As a rule, all mammals have the same number of vertebrae in their necks, regardless of their necks’ length. Among other animals, like birds, reptiles and amphibians, there’s a little more variety: the long, slender necks of swans have 22-25 vertebrae, while bullfrogs’ necks have just one. Mammals, though – whether they’re a Kitti’s Hog-nosed Bat (the smallest mammal), a blue whale (the biggest) or anything in between – always have seven.
There appears to be good reason to follow the trend. Too many or too few neck vertebrae are associated with stillbirth, childhood cancer, neuronal problems and misplaced or crushed nerves, muscles and blood vessels in humans and some other mammals. Any change in the vertebrae number is probably selected against to avoid these problems, conserving basic mammal body plans in the process.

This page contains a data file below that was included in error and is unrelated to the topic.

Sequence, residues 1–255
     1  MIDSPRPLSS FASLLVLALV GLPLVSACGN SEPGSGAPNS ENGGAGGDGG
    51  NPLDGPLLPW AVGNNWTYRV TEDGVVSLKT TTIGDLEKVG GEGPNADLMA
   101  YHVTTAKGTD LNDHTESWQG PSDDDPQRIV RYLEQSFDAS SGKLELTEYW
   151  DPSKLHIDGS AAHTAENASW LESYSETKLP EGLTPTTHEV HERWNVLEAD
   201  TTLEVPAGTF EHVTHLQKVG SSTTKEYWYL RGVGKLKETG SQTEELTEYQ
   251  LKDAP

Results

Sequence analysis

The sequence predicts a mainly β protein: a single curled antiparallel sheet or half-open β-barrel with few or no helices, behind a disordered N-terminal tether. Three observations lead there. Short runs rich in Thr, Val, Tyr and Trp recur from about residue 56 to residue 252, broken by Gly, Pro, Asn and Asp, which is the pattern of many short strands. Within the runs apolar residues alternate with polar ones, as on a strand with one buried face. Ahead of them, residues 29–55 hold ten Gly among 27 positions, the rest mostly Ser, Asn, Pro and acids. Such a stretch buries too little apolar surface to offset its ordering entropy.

Rules are made to be broken, though, and both sloths and manatees have abnormal numbers of neck vertebrae. Two-toed sloths (Choloepus) have five to seven neck vertebrae, three-toed sloths (Bradypus) have eight or nine and manatees (Trichechus) have six.
Neither sloths nor manatees seem to suffer from the problems that other species have when they diverge from the seven-vertebrae template, though, and a team of scientists from Austria and the Netherlands think they know how they animals are getting away with it. [Read more]